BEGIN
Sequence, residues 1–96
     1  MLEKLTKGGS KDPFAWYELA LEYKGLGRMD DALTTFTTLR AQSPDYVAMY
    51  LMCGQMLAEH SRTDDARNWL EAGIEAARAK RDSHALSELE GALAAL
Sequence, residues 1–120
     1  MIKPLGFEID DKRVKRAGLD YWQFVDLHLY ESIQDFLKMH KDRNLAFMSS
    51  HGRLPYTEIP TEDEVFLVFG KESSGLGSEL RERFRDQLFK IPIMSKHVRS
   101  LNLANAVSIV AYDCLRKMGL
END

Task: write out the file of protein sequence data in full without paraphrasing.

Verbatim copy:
Sequence, residues 1–96
     1  MLEKLTKGGS KDPFAWYELA LEYKGLGRMD DALTTFTTLR AQSPDYVAMY
    51  LMCGQMLAEH SRTDDARNWL EAGIEAARAK RDSHALSELE GALAAL
Sequence, residues 1–120
     1  MIKPLGFEID DKRVKRAGLD YWQFVDLHLY ESIQDFLKMH KDRNLAFMSS
    51  HGRLPYTEIP TEDEVFLVFG KESSGLGSEL RERFRDQLFK IPIMSKHVRS
   101  LNLANAVSIV AYDCLRKMGL